Digital PR thoughts: Is the iPhone X asking too much?
This week Apple presented its long-awaited update to the world’s most popular smartphone series, a model which will coincide with the 10th anniversary of the original iPhone- hence the name, X. Plenty has changed since the innocence of 2007, not least the universal agreement that touchscreen are a good thing.
“That is the most expensive phone in the world, and it doesn’t appeal to business customers because it doesn’t have a keyboard,” said Microsoft’s CEO Steve Ballmer when the first iPhone was unveiled. Clearly the guy didn’t really understand what he was talking about, which explains plenty about his terrible record in the mobile market. Nevertheless, the issue of cost hasn’t gone away, and with the iPhone X- due to be official released in November- this subject is particularly contentious.
The phone itself certainly looks good. A larger screen, with a better display and extra-durable glass casing are all plus points. Similarly, wireless charging is a good idea, as it means you may never have to worry about the lining of your pocket clogging the Lightning jack, and the True Depth camera sounds cool, too. Albeit the latter didn’t fare very well at the media event in which the product was introduced to press, when it failed to unlock the test device using facial recognition, which is supposed to be one of the big leaps forward with this iPhone.
The new chips on the inside are the most powerful ever to be used in a phone, which is clearly another big talking point and one that should make for a noticeable improvement at the user end. However, all this comes at a rather staggering price point- with the largest model of them all, 256GB, costing £1,129. To put that into context, you can pick up a brand new MacBook laptop for just £20 more.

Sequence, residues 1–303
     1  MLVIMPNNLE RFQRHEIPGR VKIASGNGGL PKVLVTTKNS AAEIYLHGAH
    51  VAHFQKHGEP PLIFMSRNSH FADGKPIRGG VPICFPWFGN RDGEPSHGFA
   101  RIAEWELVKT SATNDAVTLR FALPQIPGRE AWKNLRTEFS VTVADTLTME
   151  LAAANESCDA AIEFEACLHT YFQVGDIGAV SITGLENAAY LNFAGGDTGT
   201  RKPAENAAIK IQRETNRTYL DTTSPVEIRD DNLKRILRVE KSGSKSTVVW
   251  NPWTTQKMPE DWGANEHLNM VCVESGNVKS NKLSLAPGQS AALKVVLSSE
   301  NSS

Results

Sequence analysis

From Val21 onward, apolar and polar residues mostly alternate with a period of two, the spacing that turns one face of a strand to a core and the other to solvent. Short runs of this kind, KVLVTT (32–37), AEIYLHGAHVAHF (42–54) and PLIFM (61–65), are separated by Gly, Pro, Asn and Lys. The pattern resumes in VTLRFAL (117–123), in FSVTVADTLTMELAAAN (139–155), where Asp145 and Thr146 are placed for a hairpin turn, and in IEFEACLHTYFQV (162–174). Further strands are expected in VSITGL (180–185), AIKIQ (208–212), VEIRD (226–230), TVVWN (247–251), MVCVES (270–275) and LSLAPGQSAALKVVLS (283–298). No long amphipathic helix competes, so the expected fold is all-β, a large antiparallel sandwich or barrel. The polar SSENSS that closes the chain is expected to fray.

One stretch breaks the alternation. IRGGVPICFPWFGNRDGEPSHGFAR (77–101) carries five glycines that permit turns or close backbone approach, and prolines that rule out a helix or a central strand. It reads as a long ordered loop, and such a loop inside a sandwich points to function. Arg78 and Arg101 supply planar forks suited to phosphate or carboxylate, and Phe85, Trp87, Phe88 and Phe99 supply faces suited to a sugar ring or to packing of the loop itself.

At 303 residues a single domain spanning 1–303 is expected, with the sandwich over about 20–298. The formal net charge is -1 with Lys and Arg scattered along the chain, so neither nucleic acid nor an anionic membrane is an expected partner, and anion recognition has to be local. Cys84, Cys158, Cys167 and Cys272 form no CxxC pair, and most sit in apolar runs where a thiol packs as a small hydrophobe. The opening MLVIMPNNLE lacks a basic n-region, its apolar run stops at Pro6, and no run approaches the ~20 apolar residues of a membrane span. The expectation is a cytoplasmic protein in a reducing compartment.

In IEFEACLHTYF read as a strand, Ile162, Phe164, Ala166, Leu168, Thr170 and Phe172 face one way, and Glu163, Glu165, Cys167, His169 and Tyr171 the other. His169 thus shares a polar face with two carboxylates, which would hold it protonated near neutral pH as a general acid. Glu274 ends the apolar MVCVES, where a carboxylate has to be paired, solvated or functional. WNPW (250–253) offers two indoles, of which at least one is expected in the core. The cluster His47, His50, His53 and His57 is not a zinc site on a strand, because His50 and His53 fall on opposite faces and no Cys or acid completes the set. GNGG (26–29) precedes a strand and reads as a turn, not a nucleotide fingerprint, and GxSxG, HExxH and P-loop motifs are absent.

All of which leaves this digital PR firm asking one question- is the iPhone X asking too much from customers, and their loyalty?
On the one hand, the product fits in with Apple’s overall brand positioning- a luxury tech firm, making aspirational products. But then how exclusive is Apple in 2017 really? You don’t get to be the world’s most visible and recognised tech brand without shifting stupid quantities of units, and once you’re doing that it’s difficult to truly be counted as ‘exclusive’.
For many users, either paying flat-out for a phone that costs more than the majority of non-Apple laptops on the market could well be unfeasible. More so, signing up to a contract that will require you to potentially pay off the £1,129 device cost in two years or under is going to be off-putting, as it will be a pretty serious monthly outgoing. And this comes at a time when the majority of people are already having their budgets squeezed by flatlined wages and increasing costs of living here in the UK, while there has never been more choice, or better value, offered by the biggest rival, Android, and its associated products.
Fundamentally, Apple is relying on its customer loyalty to win the day here, but this in itself could well be called into question- Marketing Week recently ran a fascinating article about the difference between real customer loyalty, and the pull of ‘ecosystem brands‘, whereby it’s just easier to buy into services and products from the same company, rather than this being a purchasing decision based on genuine preference for those services. Whatever the truth in this instance, it’s certainly food for thought.
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